Employees of BBVA, Spain's second biggest bank, are being offered 30 per cent of their usual salary in return for staying away from work for between three and five years.
The reason? Spanish labor laws require banks to give fired workers large payoffs.
"We're looking at offering alternatives to people," Juan Ignacio Apoita, BBVA's head of human resources, told the Financial Times.
"It's obvious as well that it has an impact on costs."
While the global recession hasn’t affected Spain as much as other countries, offering the lengthy vacations obviously makes financial sense for BBVA.
Other options the bank is reported to be considering include offering its 30,000 Spanish employees a shorter working week on reduced pay, or time off arrangements that let staff help family members relatives or return to school.
Takers are guaranteed a job when their extended leave comes to an end and will have their healthcare costs covered for the length of their sabbatical.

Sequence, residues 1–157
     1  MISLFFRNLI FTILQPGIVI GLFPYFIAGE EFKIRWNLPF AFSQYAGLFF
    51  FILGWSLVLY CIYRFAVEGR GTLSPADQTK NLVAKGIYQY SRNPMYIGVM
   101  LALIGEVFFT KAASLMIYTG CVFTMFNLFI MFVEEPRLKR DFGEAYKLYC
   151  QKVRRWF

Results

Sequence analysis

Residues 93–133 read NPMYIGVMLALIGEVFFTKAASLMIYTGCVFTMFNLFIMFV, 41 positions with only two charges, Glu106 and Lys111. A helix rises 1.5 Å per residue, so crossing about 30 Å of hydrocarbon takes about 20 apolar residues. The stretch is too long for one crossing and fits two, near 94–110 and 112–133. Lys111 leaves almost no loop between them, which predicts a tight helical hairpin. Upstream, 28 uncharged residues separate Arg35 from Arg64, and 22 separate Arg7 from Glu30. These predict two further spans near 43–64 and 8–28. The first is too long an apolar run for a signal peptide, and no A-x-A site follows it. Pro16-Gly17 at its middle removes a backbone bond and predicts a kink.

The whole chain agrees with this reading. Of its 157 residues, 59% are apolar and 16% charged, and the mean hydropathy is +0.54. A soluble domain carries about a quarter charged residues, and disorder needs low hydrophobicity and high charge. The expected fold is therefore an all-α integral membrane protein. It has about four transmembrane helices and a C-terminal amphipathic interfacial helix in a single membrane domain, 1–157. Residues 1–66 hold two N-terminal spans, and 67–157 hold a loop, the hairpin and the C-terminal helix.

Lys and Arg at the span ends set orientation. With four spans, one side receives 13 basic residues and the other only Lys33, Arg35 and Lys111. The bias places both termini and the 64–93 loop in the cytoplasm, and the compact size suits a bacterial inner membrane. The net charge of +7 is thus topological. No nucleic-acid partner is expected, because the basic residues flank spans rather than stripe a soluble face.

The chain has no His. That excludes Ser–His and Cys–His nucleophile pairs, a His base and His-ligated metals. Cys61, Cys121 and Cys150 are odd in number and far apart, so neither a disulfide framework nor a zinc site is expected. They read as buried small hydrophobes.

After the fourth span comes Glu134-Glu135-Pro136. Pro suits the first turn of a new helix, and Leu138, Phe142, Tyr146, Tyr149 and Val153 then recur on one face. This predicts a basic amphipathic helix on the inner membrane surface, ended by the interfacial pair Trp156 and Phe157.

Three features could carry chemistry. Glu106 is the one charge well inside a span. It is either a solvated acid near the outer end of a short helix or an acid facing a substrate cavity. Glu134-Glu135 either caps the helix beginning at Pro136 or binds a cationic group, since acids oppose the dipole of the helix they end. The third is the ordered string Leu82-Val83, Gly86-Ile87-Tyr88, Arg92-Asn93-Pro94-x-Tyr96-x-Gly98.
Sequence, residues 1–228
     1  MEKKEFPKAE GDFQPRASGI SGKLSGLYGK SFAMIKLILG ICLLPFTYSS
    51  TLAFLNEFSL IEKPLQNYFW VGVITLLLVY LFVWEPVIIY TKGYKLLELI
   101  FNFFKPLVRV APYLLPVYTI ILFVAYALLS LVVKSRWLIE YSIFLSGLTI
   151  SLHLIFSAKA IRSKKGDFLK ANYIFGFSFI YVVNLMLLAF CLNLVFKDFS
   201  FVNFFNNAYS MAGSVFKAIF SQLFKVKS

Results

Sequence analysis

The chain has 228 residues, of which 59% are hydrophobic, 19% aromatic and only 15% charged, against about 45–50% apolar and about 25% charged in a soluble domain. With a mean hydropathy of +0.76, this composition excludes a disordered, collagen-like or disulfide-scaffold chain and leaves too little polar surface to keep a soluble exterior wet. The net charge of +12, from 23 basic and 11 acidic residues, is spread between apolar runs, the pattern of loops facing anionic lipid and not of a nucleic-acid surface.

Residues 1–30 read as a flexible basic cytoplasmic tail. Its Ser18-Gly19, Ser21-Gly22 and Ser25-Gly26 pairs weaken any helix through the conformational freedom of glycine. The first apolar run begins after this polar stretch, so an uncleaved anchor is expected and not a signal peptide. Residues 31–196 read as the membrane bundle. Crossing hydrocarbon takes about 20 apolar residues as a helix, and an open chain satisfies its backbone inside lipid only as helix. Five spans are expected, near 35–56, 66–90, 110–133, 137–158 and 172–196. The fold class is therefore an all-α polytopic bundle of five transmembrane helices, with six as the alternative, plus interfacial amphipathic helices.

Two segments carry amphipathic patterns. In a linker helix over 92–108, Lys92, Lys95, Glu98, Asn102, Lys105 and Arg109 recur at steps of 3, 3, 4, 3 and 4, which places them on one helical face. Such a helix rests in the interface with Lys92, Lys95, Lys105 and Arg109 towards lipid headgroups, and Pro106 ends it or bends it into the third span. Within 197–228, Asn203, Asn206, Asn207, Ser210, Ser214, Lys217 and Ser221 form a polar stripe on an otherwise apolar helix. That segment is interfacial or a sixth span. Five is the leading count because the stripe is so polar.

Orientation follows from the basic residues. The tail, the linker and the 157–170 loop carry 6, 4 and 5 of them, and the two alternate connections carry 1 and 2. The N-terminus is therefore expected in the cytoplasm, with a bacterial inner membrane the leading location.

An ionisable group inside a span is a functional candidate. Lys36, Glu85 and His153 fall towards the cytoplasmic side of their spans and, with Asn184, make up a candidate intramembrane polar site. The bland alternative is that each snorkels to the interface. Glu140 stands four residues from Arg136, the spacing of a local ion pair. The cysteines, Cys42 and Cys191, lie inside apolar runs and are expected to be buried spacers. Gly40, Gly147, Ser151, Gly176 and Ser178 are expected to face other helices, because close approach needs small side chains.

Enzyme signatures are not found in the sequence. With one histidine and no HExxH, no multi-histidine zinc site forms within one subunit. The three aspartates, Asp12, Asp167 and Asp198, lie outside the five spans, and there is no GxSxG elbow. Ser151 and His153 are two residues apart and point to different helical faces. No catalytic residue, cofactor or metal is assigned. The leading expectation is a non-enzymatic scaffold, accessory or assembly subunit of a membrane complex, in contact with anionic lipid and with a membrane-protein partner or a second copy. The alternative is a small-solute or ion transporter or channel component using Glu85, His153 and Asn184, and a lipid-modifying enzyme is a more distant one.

The offer is targeted at long-term employees of the company who have "personal or professional projects" they wish to undertake during their time off.
In what he called “a bold and historic move to help rejuvenate the American economy,” Rep. Alan Grayson (D-Orlando)recently introduced a bill that would amend the Fair Labor Standards Act to require that employers with at least 100 workers provide a minimum of one week of paid vacation each year.
“The bill will dramatically improve productivity at American companies and provide a much-needed spark for the U.S. travel and tourism industries,” Grayson told Aspen Publishers.
Grayson’s district includes the Walt Disney theme parks in Florida.
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